Indiana will be one of the first states to implement a numeric standard for the allowable levels of phosphorous in its lakes. Nutrient pollution, which includes phosphorous and nitrogen, has long been known to have damaging ecological effects.
The state plans to implement these regulations within the next 18 months. They aim to improve the nutrient loading problem in Indiana’s lakes, which is causing harmful algal blooms and fish kills.
Prairie Creek Reservoir in Indiana was recently impaired by a significant algal bloom, resulting in suspect drinking water conditions. Local citizens complained of the taste and smell for days. The bloom is considered a direct result of the state’s phosphorous problem.
The vast areas of farmland in Indiana greatly contribute to the phosphorous content of its lakes. The “huge legacy” of phosphorous in the soil could last a thousand years, according to Bill Jones, lake expert and Indiana University professor.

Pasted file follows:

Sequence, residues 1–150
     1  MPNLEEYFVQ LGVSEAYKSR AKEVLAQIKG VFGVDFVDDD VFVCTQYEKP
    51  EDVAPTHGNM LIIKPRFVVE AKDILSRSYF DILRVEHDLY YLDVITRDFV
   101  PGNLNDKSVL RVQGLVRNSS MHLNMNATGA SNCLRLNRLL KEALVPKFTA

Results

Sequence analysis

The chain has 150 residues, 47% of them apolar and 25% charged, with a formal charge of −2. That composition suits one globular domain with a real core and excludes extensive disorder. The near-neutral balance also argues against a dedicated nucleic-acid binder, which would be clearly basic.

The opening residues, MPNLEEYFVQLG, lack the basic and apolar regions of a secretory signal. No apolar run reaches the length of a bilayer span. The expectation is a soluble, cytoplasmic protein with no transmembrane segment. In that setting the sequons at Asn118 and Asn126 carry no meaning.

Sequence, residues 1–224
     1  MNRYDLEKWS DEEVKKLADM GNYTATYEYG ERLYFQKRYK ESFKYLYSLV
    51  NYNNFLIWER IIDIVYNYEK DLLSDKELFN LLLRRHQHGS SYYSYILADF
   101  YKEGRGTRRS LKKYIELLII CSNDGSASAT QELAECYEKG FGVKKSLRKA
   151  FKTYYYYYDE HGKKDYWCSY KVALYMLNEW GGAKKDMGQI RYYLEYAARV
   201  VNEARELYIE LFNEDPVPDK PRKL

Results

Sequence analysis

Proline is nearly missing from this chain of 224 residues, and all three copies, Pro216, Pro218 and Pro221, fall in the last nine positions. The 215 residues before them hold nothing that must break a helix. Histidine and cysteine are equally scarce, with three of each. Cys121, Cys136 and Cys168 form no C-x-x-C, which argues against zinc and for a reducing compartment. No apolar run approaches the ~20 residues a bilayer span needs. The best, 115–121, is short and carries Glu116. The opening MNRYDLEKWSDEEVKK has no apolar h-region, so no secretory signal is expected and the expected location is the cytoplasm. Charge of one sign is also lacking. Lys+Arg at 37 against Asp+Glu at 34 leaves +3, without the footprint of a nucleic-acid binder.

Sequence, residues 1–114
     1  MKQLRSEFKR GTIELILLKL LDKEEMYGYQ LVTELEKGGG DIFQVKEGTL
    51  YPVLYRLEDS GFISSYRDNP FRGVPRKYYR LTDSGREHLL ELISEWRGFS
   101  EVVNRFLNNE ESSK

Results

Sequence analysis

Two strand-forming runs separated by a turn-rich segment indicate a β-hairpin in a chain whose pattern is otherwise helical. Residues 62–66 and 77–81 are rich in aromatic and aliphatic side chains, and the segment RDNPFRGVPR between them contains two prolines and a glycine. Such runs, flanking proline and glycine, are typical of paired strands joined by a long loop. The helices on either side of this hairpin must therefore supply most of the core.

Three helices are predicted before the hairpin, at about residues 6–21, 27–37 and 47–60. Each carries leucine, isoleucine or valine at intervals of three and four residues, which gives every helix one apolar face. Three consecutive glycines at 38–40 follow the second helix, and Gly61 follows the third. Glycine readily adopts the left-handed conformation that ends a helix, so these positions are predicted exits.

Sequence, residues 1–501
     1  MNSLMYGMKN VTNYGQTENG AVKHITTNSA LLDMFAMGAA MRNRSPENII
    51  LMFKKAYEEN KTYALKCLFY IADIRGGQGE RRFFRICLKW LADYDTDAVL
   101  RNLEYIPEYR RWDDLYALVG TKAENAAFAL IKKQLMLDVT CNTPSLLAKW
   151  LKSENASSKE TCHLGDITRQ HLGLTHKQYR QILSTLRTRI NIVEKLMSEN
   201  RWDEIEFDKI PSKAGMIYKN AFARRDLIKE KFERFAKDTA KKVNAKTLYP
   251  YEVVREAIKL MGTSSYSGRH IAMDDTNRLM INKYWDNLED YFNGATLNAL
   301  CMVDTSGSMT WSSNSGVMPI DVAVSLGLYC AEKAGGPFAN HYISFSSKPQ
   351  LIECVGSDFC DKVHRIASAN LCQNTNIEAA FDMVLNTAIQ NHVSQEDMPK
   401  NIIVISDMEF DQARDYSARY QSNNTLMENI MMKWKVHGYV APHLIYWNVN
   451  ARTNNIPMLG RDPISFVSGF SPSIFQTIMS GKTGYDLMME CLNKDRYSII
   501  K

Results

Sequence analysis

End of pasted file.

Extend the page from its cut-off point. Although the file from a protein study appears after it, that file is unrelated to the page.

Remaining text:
Indiana’s wastewater treatment plants would need billions of dollars in improvements to be effective at reducing nutrient pollution from urban areas, according to John Goss, director of the Indiana Wildlife Federation.
The Environmental Protection Agency has been urging states for more than a decade to enact nutrient water quality standards for water bodies.
“EPA has finally cracked the whip,” said geologist Lenore Tedesco of Indiana-Purdue University Indianapolis. Indiana has been slow to impose nutrient regulations because of the cost to upgrade wastewater treatment plants to comply with discharge limits.
Ind. working on phosphorous limits for lakes [Chicago Tribune] State plans to regulate phosphorus in lakes [The Star Press]
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